Thank God for block copy!

My heavenly father, I thank you for the lovely people at JetBrains. I thank you for gifting them with the knowledge and insight that one-size-fits-all does not apply to editors. I thank you for my early exposure to AS/400 systems with 5250 terminals. I thank you for the experience of it’s block oriented interface. I thank you for bringing at least one other RPG developer over to the JetBrains staff. How else, Lord, would such a feature as block copy have been integrated into the Intellij Idea product offerings? Heavenly father I pray that you guide other developers to the benefits of the life saving feature. I thank you once again for block copy, Amen.

No I’m not crazy and the above is a serious prayer. Idea saved my life yesterday and… Oh, I’m sorry… Hi I’m Cliff. And you’re here because I’ve summoned you from far and beyond. Today I wanna hype a little known feature called block copy. (Actually I think Idea has it labeled as column mode.) When you spend 70% of your awake hours massaging Java code like I do you learn to appreciate the finer details of your editor. You look for shortcuts at every turn. You figure out that holding Shift and hitting End, Arrow-Down, Home, Delete is a quick way to join lines. (You learn that it works in most editors and text fields too.) You learn that holding the Control key while hitting the left or right arrows jumps between whitespace boundaries or if you enable the “CamelHumps” feature, between words in an identifier with no whitespace. You take tricks like this along with a few others and figure out that refactoring a method named “writeOderEentryValues” to “writeOrderEntryValues” is as simple as Shift+F6, holding Ctrl, left arrow once to the word Oder, holding Shift along with Ctrl, right arrow once to Values, fixing the misspelling, then hitting enter. You learn to laugh at other developers that struggle without the control key and fuss with the overused find/replace dialog or worse yet, the visual hunt and peck approach.

But when you get really familiar you look deeper into your IDE’s feature set and pull out tools that nobody else even knows the meaning of. How many of you, precious readers, have noticed column mode in Idea’s edit menu? Raise your hand. Now how many of you actually know what it means? How many of you would dare experiment with an unknown feature on a whim? Hey you! The last one who raised your hand… you knocked over your coffee mug in your excitement. You’re gonna wanna wipe that spill before it reaches your blackberry sitting next to your keyboard. I digress.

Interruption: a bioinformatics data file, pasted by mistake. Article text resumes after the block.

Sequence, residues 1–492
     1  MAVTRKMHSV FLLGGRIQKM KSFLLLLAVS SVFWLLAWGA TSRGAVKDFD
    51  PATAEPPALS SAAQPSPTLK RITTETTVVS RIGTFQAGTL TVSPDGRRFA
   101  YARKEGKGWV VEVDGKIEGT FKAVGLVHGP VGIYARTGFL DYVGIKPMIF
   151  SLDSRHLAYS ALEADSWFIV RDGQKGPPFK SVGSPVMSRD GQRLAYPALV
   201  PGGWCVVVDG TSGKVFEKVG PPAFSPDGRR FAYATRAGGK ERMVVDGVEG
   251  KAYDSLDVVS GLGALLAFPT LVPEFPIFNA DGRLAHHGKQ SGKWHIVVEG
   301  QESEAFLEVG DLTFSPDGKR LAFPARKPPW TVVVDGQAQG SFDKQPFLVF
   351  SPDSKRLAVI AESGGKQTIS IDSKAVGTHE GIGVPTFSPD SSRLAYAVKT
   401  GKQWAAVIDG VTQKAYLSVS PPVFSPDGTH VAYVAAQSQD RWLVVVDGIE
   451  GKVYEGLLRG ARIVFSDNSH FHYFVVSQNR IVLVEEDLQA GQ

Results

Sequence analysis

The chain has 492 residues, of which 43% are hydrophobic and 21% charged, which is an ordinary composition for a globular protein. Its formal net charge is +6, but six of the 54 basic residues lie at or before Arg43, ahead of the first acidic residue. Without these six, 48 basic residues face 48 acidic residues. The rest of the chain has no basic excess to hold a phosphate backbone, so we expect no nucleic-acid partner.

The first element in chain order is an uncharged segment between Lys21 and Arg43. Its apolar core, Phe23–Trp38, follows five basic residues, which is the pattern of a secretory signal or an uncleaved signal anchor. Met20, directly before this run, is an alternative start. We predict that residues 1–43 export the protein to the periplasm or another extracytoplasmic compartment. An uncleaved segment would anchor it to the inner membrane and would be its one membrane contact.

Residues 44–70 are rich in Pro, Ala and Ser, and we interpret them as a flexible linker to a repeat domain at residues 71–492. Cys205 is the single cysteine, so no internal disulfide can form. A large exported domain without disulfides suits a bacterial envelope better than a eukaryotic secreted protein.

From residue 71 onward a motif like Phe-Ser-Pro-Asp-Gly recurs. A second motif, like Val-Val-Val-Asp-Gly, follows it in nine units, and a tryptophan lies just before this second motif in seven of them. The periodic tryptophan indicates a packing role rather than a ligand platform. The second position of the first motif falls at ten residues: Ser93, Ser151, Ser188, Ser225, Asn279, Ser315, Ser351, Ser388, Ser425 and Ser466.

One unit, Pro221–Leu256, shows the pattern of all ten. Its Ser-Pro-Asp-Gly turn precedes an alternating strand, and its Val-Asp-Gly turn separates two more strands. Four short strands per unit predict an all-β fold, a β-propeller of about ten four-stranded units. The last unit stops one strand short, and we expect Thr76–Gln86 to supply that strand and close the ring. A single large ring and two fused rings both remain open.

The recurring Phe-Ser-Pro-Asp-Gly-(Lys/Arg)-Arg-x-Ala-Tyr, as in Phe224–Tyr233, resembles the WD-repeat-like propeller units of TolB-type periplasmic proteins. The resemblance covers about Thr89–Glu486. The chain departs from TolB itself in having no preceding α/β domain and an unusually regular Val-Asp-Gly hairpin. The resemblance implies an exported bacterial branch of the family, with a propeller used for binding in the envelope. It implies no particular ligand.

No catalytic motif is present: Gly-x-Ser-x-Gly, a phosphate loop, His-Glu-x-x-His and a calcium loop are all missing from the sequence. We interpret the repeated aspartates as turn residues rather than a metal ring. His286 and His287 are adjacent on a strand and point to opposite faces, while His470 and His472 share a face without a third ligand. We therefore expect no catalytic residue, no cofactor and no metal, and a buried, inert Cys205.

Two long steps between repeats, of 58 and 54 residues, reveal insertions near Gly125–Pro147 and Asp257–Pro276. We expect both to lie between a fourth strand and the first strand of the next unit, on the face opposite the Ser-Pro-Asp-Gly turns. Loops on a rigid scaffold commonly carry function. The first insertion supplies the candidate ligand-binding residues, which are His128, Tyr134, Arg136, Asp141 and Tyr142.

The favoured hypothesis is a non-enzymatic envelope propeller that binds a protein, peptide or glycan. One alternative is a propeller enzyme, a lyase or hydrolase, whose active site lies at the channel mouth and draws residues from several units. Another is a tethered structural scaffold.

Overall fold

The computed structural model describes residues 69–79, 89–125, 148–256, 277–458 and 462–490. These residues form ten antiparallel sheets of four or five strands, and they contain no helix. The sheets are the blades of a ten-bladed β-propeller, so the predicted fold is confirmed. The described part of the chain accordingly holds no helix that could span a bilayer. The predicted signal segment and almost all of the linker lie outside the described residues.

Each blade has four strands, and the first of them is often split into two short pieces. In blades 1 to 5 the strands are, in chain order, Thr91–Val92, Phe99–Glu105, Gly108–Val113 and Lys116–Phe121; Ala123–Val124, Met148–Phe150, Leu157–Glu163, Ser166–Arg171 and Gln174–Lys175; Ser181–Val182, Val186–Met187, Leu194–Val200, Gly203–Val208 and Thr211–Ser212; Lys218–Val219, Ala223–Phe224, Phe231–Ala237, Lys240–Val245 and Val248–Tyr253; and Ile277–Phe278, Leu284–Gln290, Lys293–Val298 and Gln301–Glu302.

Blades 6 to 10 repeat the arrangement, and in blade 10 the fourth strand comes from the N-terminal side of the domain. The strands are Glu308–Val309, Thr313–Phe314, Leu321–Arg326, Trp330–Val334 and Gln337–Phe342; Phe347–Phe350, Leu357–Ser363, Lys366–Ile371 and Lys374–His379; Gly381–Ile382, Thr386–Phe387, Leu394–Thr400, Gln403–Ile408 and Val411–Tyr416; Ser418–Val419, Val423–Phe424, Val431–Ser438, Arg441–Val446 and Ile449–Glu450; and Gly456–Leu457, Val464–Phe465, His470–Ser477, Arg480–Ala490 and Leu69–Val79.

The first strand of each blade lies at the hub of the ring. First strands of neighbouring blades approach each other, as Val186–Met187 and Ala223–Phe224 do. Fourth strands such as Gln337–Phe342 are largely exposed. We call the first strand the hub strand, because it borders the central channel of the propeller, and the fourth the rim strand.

Column mode transforms your editor interface into something that would resemble an old AS/400 5250 ClientAccess display. No the colors won’t turn all green and black and you won’t lose any data. But the cursor selection behavior will work like the same. Now I realize many if not most of you probably never touched an AS/400 and likely don’t know what I’m talking about but bear with me. AS/400 and 5250 is considered by many to be a legacy technology, it’s those old green screen thingies you’ll spot in factories and warehouses (and in some banks) across America. Why am I so excited over such an old fashioned idea? I’ll explain. Most of you probably know that holding the shift key while arrowin up or dow is a quick way to select multiple adjacent lines of text for changing. But what if the text you’re interested in changing is tucked in a square? To be more specific, what if you Had something like this:

assertEquals(actualValue1, expectedUrl1);
assertEquals(actualValue2, expectedUrl2);
assertEquals(actualValue3, expectedUrl3);
assertEquals(actualValue4, expectedUrl4);
assertEquals(actualValue5, expectedUrl5);

and you wanted to stop your assertion failure from reading backwards. (The expected value is supposed to be first.) You could use column mode to draw a selection box around all of the actual values and cut and past them after the expected values. You could then cut and paste the expected values and place them before the comma. The fun doesn’t stop there! (I always wanted an excuse to say, “the fun doesn’t stop there!”) Here’s another nifty trick you can do in column mode. Say you have this:

myCoolObj.setFoo(new Foo());
myCoolObj.setBar(new Bar());
myCoolObj.setFuz(new Fuz());
myCoolObj.setBaz(new Baz());

Now you want to replace all of your setters with a single setter that takes var-args.

MyCoolObj {
   setEverything(Object.. everything) { /*...*/ } 

You do so and return to the above example. In column mode you draw a slim rectangle surrounding all of the close paren-semi colons ending each line but the last one and type a comma “,”. Then draw a box around all of the “myCoolObj.setXxx(” references but the first one and hit delete. Lastly you exit out of column mode and select all of the lines and hit Ctrl+Alt+L (bringing up the format selection dialog) and hit enter. You end up with:

myCoolObj.setFoo(new Foo(), new Bar(), new Fuz(), new Baz());

Now control arrow over to the first occurrence of Foo select it holding shift, ctrl and tapping the right arrow once and type “Everything”. Done deal. I was doing these kinds of transformations all through my code the past couple of days. My examples suck but when you’re used to column mode you find all kinds of time saving shortcuts. Combine that with other tools like replace in selection, “CamelHumps” word skipping, Shift F6 renaming and the other refactoring tools and before you know it you’re ripping through code doing crazy transformations in seconds with 100% accuracy. The kind of code transformations that would typically take hours to days and leave bugs for months. Words don’t do justice to such a feature. I encourage command you to try column mode. And when you’re finished there, toy with another menu option or IDE setting that you’ve never paid attention to.

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